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The career preparedness component of British Columbia's Career and Personal Planning (CAPP) curriculum commits two fundamental category mistakes in its classification of employability skills, both with potentially serious consequences for education. The first type of category mistake is incorrectly conflating distinct categories of concepts under the general rubric of generic skills and, thereby, disregarding the contextual understanding, background knowledge, and epistemic attitudes required to achieve certain desired cognitive competencies. Concepts describing mental process such as understanding, problem solving, and critical thinking are applied in the same logical fashion as those denoting physical operations. Their evaluation in the prescribed fashion presents insurmountable difficulties for teachers since mental process concepts are inseparable from the context in which they are used. CAPP makes available no pedagogical approaches that include a context for and adequate background knowledge of the problem to be solved; adequate content knowledge of the subject being communicated and the context in which the communicative act occurs; or facts relevant to the matter being critiqued. The second type of category mistake committed by CAPP is including values and attitudes under the rubric of generic employability skills and, in so doing, obscuring important ethical distinctions between the contentious area of values education and basic skills instruction. (Contains 14 references.) (YLB)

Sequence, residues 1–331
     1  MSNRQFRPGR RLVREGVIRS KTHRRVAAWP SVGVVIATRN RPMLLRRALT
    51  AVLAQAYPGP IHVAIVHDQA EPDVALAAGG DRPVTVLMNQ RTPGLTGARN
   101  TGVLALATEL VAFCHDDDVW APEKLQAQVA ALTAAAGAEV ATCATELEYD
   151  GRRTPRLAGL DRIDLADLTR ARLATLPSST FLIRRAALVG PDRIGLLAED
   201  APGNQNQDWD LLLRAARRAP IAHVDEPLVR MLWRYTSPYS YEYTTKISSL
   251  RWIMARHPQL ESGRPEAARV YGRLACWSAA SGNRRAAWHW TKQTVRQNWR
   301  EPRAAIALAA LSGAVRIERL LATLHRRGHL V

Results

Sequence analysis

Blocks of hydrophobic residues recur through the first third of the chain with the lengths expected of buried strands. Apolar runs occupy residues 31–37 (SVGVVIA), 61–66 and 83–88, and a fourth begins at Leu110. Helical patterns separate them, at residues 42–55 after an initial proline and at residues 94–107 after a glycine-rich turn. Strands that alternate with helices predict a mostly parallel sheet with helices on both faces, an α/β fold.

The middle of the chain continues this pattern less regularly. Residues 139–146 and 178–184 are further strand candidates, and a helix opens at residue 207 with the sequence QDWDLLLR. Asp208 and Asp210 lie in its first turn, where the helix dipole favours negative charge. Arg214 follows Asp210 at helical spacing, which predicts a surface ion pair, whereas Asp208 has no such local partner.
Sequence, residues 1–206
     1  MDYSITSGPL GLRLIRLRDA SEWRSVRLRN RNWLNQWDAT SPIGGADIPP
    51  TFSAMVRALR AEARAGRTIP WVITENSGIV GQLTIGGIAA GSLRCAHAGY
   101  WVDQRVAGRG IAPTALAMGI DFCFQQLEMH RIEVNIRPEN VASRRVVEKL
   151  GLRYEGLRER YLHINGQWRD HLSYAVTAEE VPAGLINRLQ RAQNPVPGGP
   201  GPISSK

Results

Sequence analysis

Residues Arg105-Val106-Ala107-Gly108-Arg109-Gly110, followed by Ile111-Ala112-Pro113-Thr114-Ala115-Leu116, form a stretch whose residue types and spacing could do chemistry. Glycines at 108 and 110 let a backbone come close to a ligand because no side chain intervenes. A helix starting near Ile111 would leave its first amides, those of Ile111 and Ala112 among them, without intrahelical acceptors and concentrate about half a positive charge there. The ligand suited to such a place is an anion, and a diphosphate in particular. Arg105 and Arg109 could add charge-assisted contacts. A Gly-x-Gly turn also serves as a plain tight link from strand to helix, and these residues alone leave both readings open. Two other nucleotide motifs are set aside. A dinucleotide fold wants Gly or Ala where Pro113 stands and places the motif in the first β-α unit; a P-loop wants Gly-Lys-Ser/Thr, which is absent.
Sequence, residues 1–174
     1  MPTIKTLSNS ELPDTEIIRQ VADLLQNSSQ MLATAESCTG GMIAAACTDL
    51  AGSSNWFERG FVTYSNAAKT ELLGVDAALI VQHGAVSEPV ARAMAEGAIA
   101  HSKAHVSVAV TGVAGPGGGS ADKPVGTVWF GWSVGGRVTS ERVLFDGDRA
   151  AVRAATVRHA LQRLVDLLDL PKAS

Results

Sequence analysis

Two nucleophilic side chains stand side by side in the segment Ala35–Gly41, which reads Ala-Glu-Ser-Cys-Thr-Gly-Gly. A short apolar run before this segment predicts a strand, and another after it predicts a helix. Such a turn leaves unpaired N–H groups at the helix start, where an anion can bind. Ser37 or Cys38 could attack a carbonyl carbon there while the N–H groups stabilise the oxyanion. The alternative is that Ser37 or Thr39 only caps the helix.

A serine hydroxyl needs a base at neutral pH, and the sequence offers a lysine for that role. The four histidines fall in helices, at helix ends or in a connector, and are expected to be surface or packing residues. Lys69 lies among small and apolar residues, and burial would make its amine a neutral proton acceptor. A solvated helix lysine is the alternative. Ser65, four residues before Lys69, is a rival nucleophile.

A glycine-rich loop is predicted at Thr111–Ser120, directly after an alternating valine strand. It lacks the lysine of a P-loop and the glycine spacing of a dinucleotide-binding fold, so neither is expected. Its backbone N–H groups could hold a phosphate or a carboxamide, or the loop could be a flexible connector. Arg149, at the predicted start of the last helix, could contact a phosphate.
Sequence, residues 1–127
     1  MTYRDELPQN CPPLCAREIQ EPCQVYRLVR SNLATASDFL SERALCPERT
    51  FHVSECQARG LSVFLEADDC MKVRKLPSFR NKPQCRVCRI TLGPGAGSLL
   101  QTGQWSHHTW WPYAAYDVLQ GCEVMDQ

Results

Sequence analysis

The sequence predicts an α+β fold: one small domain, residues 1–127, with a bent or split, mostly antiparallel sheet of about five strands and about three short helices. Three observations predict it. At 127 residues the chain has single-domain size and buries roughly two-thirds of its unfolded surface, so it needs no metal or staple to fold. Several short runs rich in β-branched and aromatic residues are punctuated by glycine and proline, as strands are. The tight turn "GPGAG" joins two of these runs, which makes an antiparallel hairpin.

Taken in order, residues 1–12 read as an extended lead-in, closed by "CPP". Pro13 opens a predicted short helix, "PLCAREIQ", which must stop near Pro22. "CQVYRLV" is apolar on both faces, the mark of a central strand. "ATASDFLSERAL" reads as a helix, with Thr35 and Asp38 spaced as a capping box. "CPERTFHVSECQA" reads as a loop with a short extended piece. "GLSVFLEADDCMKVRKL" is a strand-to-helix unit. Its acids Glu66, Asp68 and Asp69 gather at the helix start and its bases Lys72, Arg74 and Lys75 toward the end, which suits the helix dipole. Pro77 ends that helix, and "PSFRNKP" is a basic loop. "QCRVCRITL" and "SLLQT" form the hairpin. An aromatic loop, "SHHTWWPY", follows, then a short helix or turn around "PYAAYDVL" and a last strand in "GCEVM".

Descriptors: Basic Skills, Career Education, Career Planning, Classification, Cognitive Development, Communication Skills, Employment Potential, Foreign Countries, Job Skills, Postsecondary Education, Problem Solving, Secondary Education, Student Evaluation, Thinking Skills, Values Education, Vocational Education











Autor: Hyslop-Margison, Emery J.

Fuente: https://eric.ed.gov/?q=a&ft=on&ff1=dtySince_1992&pg=9202&id=ED435826







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